This new program gives job seekers access to women professionals in the industry of their choice
Angela Guilfoyle grew up knowing she wanted to make a difference. Her grandfather, who was a police officer, dedicated his free time to give back to his community by running the Police Athletic League where kids could get free access to sports and positive role models.
“I wanted to follow in his footsteps,” she says, “where I could do something to open opportunities to people.” Angela today is the program coordinator for JVS SoCal’s Creating Career Connections, a new program that promises to do just that —open opportunities for women looking for insight into career options that would otherwise would not be accessible to them.
“Sometimes, who you know is more important than what you know,” says Angela who, along with WoMentoring program manager, Diane Shapiro, developed a plan to introduce women to other women professionals who are established in their careers.
How Creating Career Connections Works
In a way, this program is kind of like matchmaking. Angela, who has a Master’s in Social Work, interviews candidates who have registered for a consultation through the program’s webpage. She works with each woman on identifying the careers they are looking to explore, the challenges they are facing in their efforts to secure job interviews, and their strengths as motivated individuals who are actively working get ahead in life.
Those who sign up for the program receive coaching and access to resources to overcome these challenges while Angela matches them with up to three professional women who will volunteer their time to conduct informational interviews. Once the meetings take place, it is up to them whether they want to pursue further meetings or stay connected for future networking opportunities.
The Importance of the program
Professional networking is not something that comes easily to most people, especially today, when public events are discouraged, and human contact has decreased due to covid-19 pandemic. Intentionally facilitating these connections can be a life changer for those who have difficulty asking for help, are introverted, or come from underserved communities where access to professionals is scarce.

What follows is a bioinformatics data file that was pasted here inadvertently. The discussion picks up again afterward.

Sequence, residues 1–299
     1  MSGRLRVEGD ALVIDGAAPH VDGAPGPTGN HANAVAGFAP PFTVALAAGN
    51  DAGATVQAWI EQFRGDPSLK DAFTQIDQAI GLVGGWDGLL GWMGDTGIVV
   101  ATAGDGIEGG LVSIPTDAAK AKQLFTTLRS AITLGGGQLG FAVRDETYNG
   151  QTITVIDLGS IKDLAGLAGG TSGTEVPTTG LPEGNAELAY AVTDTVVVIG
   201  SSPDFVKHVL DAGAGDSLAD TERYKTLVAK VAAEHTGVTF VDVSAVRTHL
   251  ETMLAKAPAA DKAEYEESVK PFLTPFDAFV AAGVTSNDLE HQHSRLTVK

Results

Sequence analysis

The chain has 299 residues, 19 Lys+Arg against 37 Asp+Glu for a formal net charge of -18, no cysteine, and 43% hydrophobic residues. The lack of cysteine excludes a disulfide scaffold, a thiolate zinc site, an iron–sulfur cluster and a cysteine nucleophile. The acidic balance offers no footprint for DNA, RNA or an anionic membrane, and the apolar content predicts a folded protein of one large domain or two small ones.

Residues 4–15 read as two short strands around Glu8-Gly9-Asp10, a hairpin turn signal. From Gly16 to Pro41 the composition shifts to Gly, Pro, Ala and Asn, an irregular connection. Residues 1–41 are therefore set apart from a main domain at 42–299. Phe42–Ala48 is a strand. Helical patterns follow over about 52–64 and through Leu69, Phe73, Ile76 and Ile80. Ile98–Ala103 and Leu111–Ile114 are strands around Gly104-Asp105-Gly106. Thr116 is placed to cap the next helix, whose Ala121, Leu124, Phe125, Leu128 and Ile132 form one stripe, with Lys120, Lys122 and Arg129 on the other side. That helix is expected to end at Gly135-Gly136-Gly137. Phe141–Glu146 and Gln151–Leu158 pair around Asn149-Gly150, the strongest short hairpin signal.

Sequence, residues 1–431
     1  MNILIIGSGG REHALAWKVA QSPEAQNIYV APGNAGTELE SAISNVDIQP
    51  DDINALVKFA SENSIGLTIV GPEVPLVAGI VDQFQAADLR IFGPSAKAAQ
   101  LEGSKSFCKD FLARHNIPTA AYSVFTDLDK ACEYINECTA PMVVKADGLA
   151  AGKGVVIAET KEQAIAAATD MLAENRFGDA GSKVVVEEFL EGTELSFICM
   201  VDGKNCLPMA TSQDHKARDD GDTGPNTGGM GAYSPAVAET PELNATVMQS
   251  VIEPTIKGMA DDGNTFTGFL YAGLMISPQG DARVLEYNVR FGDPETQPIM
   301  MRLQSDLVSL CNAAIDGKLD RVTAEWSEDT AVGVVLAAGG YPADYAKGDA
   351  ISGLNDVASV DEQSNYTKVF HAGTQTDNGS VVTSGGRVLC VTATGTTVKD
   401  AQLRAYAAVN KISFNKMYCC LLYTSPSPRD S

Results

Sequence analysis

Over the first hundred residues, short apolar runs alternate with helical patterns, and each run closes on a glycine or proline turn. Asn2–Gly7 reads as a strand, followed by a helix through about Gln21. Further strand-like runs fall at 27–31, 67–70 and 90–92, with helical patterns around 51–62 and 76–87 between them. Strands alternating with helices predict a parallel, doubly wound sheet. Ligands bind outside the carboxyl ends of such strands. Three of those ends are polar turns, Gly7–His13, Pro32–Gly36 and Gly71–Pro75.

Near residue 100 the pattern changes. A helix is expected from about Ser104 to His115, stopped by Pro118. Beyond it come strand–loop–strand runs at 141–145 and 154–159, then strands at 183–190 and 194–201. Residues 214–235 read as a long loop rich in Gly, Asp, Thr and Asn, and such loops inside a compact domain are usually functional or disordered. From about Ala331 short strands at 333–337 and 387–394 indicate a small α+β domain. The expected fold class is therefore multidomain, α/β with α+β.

In a recent Bloomberg Newsweek article in which 15 global cities were ranked for how inclusive they are for career women, Venture capitalist Kara Nortman pointed out how siloed communities in Los Angeles can be. “Because the city is so sprawling, we don’t organically move between neighborhoods the way people in smaller cities do,” she says. “That impacts everything from how we interact with each other to how we get policies enacted at a citywide level.” At JVS SoCal we recognize this as a barrier to equality. Creating Career Connections is a way to address this barrier by giving women in underserved neighborhoods the opportunity to network outside their own environments.
For Angela, her role in Creating Career Connections is her way of modeling the sense of service her grandfather instilled in her. “I realized this work was important when I started having conversations with the women who are struggling,” she says, “they express so much gratitude for the help that we provide.”